Updated Mon, Apr 29, 2013 11:08 am
Ohio University police have a identified a “person of interest” in the mailing of a letter that led to the partial evacuation of an OU building Thursday and summoning of a weapons of mass destruction team.
The university announced Friday morning that a preliminary field test indicated the powder was not harmful.
OU Police Lt. Tim Ryan said there is a “person of interest” in the case. He said investigators are trying to determine what, if any, crime was committed.
The letter was sent to OU Legal Services. In addition to the powder, it contained multiple sheets of paper that did not contain any threatening message, Ryan said. The letter has been sent to a Columbus lab for further analysis.
With preliminary tests showing that the white powder found is not harmful, the FBI turned the investigation over to the OU Police Department.
“The FBI’s preliminary investigation determined the circumstances did not warrant opening a federal case, so the investigation was turned over to OUPD,” the university said in a statement issued Friday morning.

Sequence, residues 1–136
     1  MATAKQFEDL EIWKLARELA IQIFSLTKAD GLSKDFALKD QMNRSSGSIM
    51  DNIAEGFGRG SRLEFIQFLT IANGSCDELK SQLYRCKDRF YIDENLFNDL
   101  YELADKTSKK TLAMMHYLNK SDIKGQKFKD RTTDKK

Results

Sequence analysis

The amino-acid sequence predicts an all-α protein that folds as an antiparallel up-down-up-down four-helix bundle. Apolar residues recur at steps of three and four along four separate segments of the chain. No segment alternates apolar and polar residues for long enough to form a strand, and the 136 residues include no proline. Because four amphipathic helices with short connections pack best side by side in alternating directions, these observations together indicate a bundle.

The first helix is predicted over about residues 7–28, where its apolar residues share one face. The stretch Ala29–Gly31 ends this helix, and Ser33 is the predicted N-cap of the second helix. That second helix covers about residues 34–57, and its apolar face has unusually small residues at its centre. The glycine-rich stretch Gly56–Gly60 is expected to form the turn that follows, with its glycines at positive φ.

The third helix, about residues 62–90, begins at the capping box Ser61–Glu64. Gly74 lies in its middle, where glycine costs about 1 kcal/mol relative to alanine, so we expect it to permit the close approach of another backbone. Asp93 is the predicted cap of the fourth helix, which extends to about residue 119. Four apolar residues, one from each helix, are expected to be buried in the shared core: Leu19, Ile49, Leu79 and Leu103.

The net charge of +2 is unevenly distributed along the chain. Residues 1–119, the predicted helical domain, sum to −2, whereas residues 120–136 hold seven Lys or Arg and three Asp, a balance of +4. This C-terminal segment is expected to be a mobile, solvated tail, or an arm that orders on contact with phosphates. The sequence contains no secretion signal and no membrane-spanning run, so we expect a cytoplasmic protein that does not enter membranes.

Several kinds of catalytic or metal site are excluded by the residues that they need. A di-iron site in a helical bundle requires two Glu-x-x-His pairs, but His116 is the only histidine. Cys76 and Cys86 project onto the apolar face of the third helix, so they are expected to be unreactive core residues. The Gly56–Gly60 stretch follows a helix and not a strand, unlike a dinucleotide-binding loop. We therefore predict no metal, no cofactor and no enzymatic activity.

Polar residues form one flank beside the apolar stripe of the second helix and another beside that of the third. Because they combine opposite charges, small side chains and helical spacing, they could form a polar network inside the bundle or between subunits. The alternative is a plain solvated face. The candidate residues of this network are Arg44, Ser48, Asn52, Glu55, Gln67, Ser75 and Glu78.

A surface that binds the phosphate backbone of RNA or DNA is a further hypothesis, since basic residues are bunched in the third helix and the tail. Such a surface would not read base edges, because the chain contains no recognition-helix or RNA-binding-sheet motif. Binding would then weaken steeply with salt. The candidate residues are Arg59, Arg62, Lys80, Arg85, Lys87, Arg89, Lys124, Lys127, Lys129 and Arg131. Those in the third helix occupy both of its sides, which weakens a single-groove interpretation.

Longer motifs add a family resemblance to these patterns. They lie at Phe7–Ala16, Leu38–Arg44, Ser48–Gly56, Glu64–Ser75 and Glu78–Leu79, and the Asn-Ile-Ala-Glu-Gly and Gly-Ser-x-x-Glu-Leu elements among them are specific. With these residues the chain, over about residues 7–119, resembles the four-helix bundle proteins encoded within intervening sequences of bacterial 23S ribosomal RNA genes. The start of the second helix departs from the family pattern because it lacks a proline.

FBI spokesman Todd Lindgren said that the FBI would take the lead in such an investigation if an actual weapon of mass destruction was involved or if the incident was believed to be terrorism related. Lindgren said both have been ruled out, so the investigation was turned over to the Ohio University Police Department.
The Messenger asked Athens County Prosecutor Keller Blackburn what charges could be filed in a case where the mailed powder is determined to be harmless.
Although not commenting on this specific investigation, Blackburn said the most serious charge would be possession or use of a hoax weapon of mass destruction. If there were a conviction on that charge, the sentence would depend on whether the person has a prior felony record.
If it’s a first-time offender, the person would not be eligible for prison, so the sentence would be community control, Blackburn said. Someone with a prior felony record could be sentenced to between six months and 18 months in prison. The maximum fine is $5,000.
According to OU, at about 11:18 a.m. Thursday an employee at the West Union Street Office Center (former HDL Center) opened an envelope received in the mail that contained white powder. Ohio University police were summoned, and OU’s Legal Services office and Peoples Bank, also located in the building, were evacuated. An Ohio National Guard weapons of mass destruction team from Rickenbacker Air Force Base and the FBI were called in.
A statement issued Friday morning by the university said that the WMD team completed preliminary field tests of the powder and indicated there were no harmful substances present. The envelope was packaged for safe removal and the area was decontaminated. The WMD team completed its processing of the scene and declared the office safe for occupancy shortly after the package was removed.
The Legal Affairs Office and Peoples Bank resumed normal operations Friday.